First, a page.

• Know your destination – Have a safe destination in mind before you leave your home. “Winging it” rarely works, especially during the confusion of an emergency event. Prior to leaving your home, be sure to learn about nearby shelters through the OEM website, or by calling 311 (knowing local shelter locations prior to an emergency remains your best bet.)
  • Stick together – Wandering from your group can put everyone at risk since they are likely to come looking for you. Know how many people are in your party and double check that everyone is accounted for throughout your trip.
  • Pack a Go-Bag – A Go-Bag should be a sturdy, lightweight backpack you can comfortably carry from your home to a safe location and contains all the items you will need to keep yourself safe and comfortable until you can return home. Pack this bag prior to an emergency and store it near your door in case you are forced to leave quickly.


Remember that you should have a Go-Bag for every member of your household.  Each bag should include the following items:

  • Copies of your important documents in a waterproof and portable container (insurance cards, birth certificates, deeds, photo IDs, proof of address, etc.)
  • Extra set of car and house keys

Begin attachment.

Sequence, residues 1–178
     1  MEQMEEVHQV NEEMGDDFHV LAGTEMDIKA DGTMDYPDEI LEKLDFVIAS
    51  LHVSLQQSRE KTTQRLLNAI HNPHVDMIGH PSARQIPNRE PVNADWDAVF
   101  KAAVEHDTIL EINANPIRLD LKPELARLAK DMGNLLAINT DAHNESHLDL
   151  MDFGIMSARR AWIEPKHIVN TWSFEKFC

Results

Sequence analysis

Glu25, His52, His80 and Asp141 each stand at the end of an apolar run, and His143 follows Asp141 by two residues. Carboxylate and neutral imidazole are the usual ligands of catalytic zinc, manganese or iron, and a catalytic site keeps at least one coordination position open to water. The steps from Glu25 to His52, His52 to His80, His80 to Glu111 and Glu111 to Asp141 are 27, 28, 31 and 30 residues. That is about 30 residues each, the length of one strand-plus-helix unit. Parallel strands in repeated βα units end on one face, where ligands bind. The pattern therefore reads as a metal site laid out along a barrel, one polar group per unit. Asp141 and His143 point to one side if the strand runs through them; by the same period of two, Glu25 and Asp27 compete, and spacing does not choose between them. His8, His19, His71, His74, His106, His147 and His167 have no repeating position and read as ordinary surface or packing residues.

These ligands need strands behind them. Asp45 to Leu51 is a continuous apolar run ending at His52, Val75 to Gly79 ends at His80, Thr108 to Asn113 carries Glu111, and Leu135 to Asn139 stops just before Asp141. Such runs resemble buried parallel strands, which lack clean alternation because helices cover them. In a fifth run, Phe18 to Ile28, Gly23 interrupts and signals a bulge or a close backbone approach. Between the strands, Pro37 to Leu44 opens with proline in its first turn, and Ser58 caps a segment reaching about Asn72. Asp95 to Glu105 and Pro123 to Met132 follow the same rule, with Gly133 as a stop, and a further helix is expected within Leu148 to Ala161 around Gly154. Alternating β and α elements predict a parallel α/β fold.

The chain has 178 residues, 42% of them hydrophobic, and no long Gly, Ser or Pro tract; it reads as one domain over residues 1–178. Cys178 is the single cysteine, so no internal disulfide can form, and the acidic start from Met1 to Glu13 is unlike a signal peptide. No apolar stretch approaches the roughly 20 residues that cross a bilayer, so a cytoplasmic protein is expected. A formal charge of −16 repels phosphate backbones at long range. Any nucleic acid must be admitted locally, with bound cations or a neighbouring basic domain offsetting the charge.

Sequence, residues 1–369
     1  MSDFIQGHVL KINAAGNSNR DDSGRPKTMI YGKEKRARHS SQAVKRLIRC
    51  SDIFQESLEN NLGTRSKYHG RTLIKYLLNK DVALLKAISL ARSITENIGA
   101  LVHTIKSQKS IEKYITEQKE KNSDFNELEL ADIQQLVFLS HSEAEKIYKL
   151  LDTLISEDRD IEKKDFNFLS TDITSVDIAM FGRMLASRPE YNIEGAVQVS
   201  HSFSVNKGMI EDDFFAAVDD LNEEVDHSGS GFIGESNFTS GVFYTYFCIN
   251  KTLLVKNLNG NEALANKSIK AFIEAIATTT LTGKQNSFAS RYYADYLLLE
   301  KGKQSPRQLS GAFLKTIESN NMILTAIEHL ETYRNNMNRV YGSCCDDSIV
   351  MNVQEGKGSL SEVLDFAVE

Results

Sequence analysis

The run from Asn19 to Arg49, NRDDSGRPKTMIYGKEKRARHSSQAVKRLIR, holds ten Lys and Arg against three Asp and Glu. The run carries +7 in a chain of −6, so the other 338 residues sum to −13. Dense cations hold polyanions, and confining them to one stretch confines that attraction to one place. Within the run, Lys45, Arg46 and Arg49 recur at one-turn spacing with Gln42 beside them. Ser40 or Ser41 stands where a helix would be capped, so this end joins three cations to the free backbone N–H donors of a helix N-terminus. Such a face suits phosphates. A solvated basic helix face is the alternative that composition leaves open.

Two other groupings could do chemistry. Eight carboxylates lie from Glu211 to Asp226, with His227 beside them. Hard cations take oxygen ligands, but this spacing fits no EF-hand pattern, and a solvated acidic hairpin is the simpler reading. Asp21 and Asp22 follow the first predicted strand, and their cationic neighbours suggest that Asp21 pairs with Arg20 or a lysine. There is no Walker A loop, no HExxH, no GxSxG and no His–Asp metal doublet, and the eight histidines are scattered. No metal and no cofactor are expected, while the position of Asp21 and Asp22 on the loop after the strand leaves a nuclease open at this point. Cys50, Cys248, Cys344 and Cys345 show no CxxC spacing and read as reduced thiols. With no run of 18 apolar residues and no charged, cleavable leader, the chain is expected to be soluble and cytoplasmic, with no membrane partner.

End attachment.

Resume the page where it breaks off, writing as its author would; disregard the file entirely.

• Copies of credit/ATM cards
  • Cash (in small bills)
  • Bottled water and nonperishable food, such as energy or granola bars
  • Flashlight (Note: Traditional flashlight bulbs have limited lifespans. Light Emitting Diode (LED) flashlights, however, are more durable and last up to 10 times longer than traditional bulbs.)
  • Battery-operated AM/FM radio
  • Extra batteries/chargers
  • A list of the medications each member of your household takes, why they take them, and their dosages. If you store extra medication in your Go Bag, be sure to refill it before it expires. Get prescription preparedness tips from the NYC Department of Health & Mental Hygiene
  • First-aid kit
  • Toiletries
  • Notepad and pen
  • Contact and meeting place information for your household, and a small regional map
  • Lightweight raingear and Mylar blanket

If you have children, pack child care supplies as well as games and small toys.

If you’re older or have any special medical needs, consider including these items:

  • Instructions and extra batteries for any devices you use
  • Aerosol tire repair kits and/or tire inflator to repair flat wheelchair or scooter tires
  • Back-up medical equipment